I am heartbroken over the state of our country — racism and its resulting inequities, polarization and hatred.  It is simple.  I want a better world for my grandchildren.  A world in which there is peace, respect, a sense of community, and work for the common good.  As Micah writes so beautifully — “What does the Lord require of you, but to do justice, and to love kindness and to walk humbly with your God.”

Dianne Franz


My life matters only if black lives matter. I can’t stand the compassionate pain I’m suffering. I have to do something.

Mona Gustafson Affinito


Taking my whiteness for granted with all the easiness in life that it brings, I am now more aware than ever of what this means in the lives of all my friends of color and those out there that I do not know. I can relate to them in more depth of understanding, after realizing that unrealized racism permeates my very being, unaware that I was about this in the past.  Even while raising a black daughter, I was not deeply aware of all her feelings and issues, ‘tho we did seek counseling together as a family. I also have a bi-racial son and daughter who are now in their 60’s, and discussing with them just last week topics of racism has been a clear way for me to explore my own feelings and beliefs.

Rhoda Brooks


No man is an island entire of itself; every man

is a piece of the continent, a part of the main;

if a clod be washed away by the sea, Europe

is the less, as well as if a promontory were, as

well as any manner of thy friends or of thine

own were; any man’s death diminishes me,

because I am involved in mankind.

And therefore never send to know for whom

the bell tolls; it tolls for thee.”

Quoting John Donne

Lisa Neun












I’m finally up and running, so to speak, ready to fulfil my intention of apologizing for my absence and beginning to share my report of a fabulous trip to India and Nepal.

And yes, I do apologize to all who have hoped for and expected a response from me at the various sites to which I’m connected. I did indeed take an almost total vacation from all that as I enjoyed a life changing, life-enhancing trip to India and Nepal.

But something more urgent has come up that I need to comment on. I am both sickened and heartened by the tsunami of reports on sexual harassment. Maybe this time we’ll leap toward a more respectful culture.

I hope, though, that we won’t allow ourselves to think these things are going on only among certain groups of powerful people. This time, maybe we’ll be able to push our awareness back to the source – at least as far back as Junior High.

Maybe you’ll respond by telling me I’m lost in old fashioned issues that no longer prevail. If that’s true, then I’ll take some belated credit for the work we did in the women’s studies programs back in the 70s.

Let me explain by telling a couple of stories.

There was the day when a student in the back of the class asked me to define “rape.” “It’s whatever you do after she says ‘no,’” I said, always preferring the short, provocative answer. “Then I guess there’s a lot of rape going on in the High School parking lot on Friday nights,” he sneered, to affirming giggles of those around him.

I know he wasn’t far from wrong. I know the culture reflected in my own behavior at my 35th high school reunion when we were greeting each other with friendly and respectful shared kisses until one classmate thrust his tongue into my mouth. I didn’t go “Ugh, gag, gross!, ichy.” No, I discreetly wiped my mouth and went on with the conversation – couldn’t hurt his feelings and make a scene, you know.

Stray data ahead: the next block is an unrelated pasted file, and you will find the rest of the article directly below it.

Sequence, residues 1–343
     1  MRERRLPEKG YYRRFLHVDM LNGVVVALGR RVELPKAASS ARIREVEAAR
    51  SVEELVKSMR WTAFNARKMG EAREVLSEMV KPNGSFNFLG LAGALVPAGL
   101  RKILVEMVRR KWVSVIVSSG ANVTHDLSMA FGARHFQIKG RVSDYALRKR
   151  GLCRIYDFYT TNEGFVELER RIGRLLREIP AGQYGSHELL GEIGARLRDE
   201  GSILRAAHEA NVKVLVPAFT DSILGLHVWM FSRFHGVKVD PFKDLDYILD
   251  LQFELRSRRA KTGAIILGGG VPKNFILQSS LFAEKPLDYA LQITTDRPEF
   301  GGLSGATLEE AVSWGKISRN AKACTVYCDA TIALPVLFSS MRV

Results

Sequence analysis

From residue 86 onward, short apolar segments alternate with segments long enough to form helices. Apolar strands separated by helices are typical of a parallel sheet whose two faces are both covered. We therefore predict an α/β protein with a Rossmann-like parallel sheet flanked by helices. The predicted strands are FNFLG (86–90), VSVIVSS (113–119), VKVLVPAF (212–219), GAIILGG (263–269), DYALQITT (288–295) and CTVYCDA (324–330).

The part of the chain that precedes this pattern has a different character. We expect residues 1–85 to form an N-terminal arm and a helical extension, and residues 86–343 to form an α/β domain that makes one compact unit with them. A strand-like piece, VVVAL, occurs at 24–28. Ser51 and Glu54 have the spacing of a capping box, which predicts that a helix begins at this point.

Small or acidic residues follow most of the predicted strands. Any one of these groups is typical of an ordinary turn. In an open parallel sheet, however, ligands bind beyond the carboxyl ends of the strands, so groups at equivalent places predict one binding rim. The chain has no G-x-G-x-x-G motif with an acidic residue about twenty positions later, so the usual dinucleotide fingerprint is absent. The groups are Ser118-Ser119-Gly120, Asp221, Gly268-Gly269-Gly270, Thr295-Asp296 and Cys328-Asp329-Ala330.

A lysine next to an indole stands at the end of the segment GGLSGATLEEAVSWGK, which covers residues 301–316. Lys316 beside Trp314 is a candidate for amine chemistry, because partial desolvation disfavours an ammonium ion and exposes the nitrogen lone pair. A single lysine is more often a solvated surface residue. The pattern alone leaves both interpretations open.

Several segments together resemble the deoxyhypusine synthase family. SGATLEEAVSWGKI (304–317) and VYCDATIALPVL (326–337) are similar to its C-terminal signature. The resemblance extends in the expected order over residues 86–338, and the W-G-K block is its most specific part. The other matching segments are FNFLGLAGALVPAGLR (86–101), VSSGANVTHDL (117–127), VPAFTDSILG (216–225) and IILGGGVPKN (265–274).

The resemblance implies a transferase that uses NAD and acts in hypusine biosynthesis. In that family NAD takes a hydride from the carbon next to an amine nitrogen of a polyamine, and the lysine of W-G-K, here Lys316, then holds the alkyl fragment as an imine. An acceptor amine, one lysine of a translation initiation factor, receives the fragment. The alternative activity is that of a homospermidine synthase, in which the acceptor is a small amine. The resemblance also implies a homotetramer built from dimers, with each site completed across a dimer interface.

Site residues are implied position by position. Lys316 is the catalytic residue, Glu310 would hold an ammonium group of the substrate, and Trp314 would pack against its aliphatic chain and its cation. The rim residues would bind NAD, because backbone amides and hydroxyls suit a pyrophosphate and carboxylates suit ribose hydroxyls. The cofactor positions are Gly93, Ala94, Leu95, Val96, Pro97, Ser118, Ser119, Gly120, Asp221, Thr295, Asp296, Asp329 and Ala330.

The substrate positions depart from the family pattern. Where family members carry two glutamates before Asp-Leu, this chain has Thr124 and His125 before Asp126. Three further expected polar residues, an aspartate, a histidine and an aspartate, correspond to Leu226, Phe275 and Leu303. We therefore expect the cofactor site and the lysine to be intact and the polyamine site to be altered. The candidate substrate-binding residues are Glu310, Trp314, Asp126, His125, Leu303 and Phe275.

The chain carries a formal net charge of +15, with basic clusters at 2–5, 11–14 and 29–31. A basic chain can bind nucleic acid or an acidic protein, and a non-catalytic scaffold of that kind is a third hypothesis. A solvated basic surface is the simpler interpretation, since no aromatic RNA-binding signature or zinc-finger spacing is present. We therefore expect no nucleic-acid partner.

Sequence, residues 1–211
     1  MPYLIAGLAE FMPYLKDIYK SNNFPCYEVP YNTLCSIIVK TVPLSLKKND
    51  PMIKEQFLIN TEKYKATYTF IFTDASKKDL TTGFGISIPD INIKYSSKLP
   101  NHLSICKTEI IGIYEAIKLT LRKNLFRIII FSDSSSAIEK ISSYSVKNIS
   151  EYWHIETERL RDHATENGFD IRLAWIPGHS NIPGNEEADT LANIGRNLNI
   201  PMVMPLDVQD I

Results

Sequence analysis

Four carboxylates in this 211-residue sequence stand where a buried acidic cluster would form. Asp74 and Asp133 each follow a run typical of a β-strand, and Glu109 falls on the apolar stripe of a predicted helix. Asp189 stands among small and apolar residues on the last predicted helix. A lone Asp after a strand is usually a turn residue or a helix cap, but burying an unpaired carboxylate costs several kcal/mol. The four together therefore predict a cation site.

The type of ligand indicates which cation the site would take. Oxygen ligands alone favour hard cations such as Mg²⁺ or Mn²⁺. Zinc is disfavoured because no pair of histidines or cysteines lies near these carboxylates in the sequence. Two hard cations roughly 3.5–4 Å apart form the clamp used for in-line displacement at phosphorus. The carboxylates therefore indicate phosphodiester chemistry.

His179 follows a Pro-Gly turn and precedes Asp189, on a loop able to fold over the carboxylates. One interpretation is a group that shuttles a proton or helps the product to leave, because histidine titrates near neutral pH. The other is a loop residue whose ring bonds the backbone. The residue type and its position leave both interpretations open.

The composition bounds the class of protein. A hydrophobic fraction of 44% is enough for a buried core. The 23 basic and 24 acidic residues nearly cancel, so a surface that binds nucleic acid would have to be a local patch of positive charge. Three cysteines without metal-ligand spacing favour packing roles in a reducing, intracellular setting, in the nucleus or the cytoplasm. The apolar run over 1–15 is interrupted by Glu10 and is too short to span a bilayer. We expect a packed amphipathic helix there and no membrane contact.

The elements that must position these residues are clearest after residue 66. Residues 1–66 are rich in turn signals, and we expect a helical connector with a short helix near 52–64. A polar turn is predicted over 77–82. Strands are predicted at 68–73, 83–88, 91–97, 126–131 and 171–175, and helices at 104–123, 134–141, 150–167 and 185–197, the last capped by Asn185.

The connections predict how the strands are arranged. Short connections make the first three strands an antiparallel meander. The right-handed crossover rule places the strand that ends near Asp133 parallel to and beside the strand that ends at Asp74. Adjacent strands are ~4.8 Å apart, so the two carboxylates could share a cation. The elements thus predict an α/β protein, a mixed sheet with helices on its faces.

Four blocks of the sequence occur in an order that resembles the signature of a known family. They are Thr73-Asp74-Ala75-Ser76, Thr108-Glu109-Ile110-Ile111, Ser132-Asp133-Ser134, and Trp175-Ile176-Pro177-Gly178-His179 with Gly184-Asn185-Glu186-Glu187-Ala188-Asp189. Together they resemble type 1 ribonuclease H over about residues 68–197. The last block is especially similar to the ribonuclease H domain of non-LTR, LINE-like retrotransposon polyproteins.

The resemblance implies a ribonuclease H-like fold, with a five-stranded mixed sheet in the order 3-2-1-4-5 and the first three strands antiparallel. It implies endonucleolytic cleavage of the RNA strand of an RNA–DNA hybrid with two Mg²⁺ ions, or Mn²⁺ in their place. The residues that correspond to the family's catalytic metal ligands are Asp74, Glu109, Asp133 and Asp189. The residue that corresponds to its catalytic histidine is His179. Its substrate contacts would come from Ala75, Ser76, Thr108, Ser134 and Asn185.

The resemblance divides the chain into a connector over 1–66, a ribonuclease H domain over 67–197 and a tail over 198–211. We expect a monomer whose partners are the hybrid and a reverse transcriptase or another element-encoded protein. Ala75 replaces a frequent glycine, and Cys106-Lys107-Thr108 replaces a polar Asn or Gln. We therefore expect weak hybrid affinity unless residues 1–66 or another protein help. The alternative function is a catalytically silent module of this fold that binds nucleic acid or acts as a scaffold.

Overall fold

Or the colleague celebrating his promotion who came into my office, closed the door, and grabbed my breast. Gently, so as not to embarrass him (It was a stupid thing to do, after all) I removed his hands and proceeded with conversation.

In neither of those cases did the offender have any kind of structural power over me. It was culture at work.

Just as it probably was at the same time with the teenage girl in the high school parking lot uncomfortably accepting the guilt when her date complained about her teasing. “You can’t stop now after you got me all worked up.”

The writer’s rule is “show, don’t tell.” But I’ll bet we could have a great go-round discussing the complexities involved in those stories.

Now, as they used to say on SNL, “Discuss among yourselves.”

My hope is that today’s issues will promote another leap forward in the honoring of respect and honesty.


I’ve been promising to present some “rules” of therapy – no charge. So here’s the first one. No doubt some can be applied in a broader sphere, like maybe government, war, and politics. But discussion here is limited to our personal/interpersonal lives. I call them shards, because I’m really just offering pieces that suggest something larger and more complete. And besides, they have sharp edges that require careful handling.

Rule #1: The only person you can control is you.

This is basic. It starts at the very beginning – the need to make life predictable – to get it under control. I could easily get lost here in a long review of Developmental and Social Psychology but I don’t feel like doing that. I’ll acknowledge that how we go about controlling is strongly influenced by the way we are raised. Here, though, I just want to point some ways we get it right, and some ways we stray. I’m hoping many of you will make comments about the how and the why based on your own experience and understanding.

Let’s consider a couple who seek therapy. You can place bets that it will start out with each one trying to change the other, mostly by telling the partner how he or she should be. No surprise, it doesn’t work.

Oh, maybe you can influence the way the other person acts. Browbeating, bribing, passive aggressive words and actions, financial control, violence – other forms of bullying or abuse. In that sense, I guess I’d have to admit that the other person can be controlled. Look a little deeper at the couple, however, and it’s clear those things aren’t getting what the controller really wants; confidence in the partners faithfulness or love or admiration or respect, or …